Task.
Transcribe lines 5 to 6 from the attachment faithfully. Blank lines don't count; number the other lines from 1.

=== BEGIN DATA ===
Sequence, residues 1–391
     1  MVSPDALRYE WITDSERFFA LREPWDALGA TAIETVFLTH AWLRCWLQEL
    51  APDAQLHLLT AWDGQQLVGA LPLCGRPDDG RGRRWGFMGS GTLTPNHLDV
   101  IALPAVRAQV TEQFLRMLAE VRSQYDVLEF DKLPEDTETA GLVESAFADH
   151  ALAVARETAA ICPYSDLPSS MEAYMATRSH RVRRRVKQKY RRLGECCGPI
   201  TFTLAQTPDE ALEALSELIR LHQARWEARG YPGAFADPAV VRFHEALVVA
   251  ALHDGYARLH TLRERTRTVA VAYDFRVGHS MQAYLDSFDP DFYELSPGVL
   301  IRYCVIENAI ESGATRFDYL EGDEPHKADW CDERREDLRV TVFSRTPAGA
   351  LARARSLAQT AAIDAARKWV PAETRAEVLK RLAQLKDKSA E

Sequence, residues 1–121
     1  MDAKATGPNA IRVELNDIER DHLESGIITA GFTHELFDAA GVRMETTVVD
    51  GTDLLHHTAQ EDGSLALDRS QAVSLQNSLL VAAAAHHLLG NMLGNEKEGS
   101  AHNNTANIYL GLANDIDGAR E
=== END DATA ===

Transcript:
   151  ALAVARETAA ICPYSDLPSS MEAYMATRSH RVRRRVKQKY RRLGECCGPI
   201  TFTLAQTPDE ALEALSELIR LHQARWEARG YPGAFADPAV VRFHEALVVA